BERLIN (Reuters) – German Finance Minister Wolfgang Schäuble said on Tuesday the European Central Bank needed to change its current monetary policy “in a timely manner”, warning that very low interest rates had caused problems in some parts of the world.
With Germany heading towards federal elections and savers complaining about low interest rates, officials from Europe’s largest economy have stepped up pressure on the ECB to scale back its monetary stimulus of bond purchases and sub-zero rates.
The ECB last week closed the door on more interest rate cuts, judging the euro zone economy to be rebounding, but said inflation looks to remain weak for years so it still needs to pump out the cash.
Speaking at a finance conference in Berlin, Schäuble said: “Ultra-loose monetary policy in many regions has been encouraging undue risk taking, policy complacency, capital misallocation and asset price bubbles, and will continue to do so if it is not reversed in time.”
“We need to exit current monetary policy in a timely manner and return to a more normal course,” said Schäuble, a senior member of Chancellor Angela Merkel’s conservatives.
He added that the Federal Reserve in the United States had already begun this process and the ECB had recently tweaked its communication in a way that could be seen as pointing in a similar direction in the medium term.
Schäuble also dismissed media reports that the German government was quietly lobbying for Bundesbank chief Jens Weidmann to succeed Mario Draghi as ECB president.
Germany’s Der Spiegel magazine said in an unsourced report last month that Berlin wanted Weidmann to take over from Draghi in 2019.
“This debate is not only damaging but also superfluous,” said Schäuble. He added that the ECB has a difficult job in implementing monetary policy that suits the needs of all euro zone members and that he has never criticised the ECB directly.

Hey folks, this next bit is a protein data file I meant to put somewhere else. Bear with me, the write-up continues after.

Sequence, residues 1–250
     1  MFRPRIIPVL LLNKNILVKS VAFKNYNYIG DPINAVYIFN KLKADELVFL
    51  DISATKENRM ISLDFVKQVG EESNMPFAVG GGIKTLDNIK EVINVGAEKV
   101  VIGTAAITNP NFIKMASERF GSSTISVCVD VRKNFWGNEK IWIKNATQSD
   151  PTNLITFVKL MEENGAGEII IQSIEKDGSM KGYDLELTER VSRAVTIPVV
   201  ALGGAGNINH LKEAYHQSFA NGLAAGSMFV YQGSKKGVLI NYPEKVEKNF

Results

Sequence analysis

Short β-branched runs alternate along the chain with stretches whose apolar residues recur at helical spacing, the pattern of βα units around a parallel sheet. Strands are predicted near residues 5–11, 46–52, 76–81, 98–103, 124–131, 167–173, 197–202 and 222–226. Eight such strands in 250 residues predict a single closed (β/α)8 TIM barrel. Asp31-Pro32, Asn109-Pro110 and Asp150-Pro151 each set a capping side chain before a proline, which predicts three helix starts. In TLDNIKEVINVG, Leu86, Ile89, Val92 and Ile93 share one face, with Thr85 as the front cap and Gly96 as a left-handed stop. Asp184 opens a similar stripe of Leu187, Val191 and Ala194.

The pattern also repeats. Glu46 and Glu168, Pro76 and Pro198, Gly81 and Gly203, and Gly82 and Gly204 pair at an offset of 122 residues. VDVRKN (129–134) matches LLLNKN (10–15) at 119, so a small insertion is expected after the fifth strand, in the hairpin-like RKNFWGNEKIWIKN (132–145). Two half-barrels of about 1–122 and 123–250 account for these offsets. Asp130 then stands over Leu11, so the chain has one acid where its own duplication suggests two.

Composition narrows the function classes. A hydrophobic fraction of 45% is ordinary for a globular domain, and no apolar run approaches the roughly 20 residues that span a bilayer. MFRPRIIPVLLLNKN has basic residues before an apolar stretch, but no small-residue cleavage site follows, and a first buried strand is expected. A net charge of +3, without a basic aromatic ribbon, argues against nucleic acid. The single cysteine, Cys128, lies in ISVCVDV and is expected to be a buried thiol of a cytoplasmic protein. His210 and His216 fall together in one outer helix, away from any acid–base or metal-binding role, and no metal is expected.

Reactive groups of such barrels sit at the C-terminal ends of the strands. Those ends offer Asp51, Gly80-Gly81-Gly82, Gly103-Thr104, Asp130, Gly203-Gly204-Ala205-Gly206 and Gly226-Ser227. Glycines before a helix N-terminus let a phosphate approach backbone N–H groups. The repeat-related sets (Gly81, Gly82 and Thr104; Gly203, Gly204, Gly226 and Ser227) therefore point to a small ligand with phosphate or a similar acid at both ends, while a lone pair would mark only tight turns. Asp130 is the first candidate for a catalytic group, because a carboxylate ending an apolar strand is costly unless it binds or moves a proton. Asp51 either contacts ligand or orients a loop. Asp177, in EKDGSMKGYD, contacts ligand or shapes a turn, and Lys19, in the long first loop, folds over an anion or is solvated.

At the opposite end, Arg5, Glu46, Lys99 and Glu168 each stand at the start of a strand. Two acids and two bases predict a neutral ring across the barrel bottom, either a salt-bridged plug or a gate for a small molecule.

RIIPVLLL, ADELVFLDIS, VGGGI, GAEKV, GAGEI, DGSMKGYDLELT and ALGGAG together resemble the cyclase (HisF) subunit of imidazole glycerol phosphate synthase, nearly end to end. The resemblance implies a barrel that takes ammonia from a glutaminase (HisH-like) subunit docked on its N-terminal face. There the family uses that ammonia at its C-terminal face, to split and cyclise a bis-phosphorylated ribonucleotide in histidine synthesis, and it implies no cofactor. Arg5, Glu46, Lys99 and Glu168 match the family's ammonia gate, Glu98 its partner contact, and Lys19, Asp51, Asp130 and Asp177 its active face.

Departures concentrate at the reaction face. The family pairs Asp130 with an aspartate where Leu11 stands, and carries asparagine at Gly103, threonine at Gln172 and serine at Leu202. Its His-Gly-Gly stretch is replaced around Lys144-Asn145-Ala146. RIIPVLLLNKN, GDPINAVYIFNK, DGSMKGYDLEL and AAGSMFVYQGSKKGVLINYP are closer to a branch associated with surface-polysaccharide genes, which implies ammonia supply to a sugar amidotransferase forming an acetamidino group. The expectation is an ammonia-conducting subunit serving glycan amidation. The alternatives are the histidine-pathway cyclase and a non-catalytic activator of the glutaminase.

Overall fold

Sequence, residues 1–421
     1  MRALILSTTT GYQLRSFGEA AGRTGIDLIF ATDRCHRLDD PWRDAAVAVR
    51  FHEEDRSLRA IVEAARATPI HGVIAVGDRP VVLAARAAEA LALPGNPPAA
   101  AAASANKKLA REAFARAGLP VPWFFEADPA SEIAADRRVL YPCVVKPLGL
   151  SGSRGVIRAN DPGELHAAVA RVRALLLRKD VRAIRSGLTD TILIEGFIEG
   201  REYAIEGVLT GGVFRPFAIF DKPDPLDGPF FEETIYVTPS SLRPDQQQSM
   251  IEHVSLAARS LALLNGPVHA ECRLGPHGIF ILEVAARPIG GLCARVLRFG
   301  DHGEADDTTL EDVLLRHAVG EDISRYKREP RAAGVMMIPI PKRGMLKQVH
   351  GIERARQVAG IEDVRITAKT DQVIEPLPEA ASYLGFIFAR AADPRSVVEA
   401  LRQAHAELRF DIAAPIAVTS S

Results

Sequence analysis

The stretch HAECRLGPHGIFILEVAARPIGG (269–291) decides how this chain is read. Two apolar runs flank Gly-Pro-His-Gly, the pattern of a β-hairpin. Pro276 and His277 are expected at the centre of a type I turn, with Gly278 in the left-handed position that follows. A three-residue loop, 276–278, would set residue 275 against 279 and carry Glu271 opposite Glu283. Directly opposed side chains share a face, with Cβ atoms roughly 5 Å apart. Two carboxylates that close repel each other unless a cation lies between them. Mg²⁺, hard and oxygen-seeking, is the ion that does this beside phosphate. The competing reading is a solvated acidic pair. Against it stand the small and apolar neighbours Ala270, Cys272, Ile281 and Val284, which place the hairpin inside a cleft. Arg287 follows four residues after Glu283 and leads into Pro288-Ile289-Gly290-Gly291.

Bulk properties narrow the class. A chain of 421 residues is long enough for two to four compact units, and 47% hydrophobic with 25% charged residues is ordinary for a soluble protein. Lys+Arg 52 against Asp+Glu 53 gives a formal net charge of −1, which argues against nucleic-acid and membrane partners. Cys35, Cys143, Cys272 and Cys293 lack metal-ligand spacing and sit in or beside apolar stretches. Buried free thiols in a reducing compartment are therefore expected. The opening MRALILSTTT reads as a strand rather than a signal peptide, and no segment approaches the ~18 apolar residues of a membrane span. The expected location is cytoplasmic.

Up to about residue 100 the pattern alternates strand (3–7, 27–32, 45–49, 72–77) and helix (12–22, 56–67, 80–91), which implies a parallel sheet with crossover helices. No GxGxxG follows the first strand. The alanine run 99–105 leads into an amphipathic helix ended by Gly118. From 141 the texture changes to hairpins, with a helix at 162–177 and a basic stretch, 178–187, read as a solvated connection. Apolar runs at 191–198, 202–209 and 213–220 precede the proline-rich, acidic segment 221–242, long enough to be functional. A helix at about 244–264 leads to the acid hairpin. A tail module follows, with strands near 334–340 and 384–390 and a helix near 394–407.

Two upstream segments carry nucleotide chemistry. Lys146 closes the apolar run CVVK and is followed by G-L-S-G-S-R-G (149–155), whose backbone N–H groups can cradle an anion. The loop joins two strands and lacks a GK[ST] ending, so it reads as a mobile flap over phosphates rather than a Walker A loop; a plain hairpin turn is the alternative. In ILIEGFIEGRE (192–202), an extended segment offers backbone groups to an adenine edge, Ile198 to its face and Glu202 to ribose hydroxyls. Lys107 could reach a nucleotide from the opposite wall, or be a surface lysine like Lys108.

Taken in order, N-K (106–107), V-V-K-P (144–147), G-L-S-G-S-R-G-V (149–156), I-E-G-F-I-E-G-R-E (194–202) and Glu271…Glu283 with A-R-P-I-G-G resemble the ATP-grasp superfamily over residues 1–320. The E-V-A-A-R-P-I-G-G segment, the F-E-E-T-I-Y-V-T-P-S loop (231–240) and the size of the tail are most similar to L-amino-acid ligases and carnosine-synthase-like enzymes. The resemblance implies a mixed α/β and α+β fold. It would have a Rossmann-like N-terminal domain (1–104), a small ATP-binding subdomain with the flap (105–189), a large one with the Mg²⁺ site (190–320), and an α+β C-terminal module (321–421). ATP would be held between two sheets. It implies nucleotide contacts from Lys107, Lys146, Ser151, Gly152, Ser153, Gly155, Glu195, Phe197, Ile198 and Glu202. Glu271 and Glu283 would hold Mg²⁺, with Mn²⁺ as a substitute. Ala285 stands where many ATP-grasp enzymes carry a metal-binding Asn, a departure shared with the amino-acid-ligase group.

Turning to Britain’s decision to leave the European Union, Schaeuble said the “unfortunate decision by British voters” – together with some pronouncements by the new U.S. administration – had increased political uncertainties.
The German government is aiming for a Brexit deal that would limit negative consequences for the bloc, Schäuble said. But he also added that Berlin did not want to weaken Britain.
“We want a solution that causes as little damage as possible for both sides,” Schäuble said. He expected London to remain an important financial centre for Europe after Britain had left the bloc.
The veteran conservative predicted that Britain would regret its departure from the bloc at some point in the future. “And then they’ll come back. But it remains another question if I’ll still witness this,” Schäuble, 74, said.
In an interview with Bloomberg TV later, Schäuble said:
“The British government has said we will stay with Brexit. We take the decision as a matter of respect. But if they wanted to change their decision, of course, they would find open doors.”
(Reporting by Michael Nienaber; Editing by Madeline Chambers and Richard Balmforth)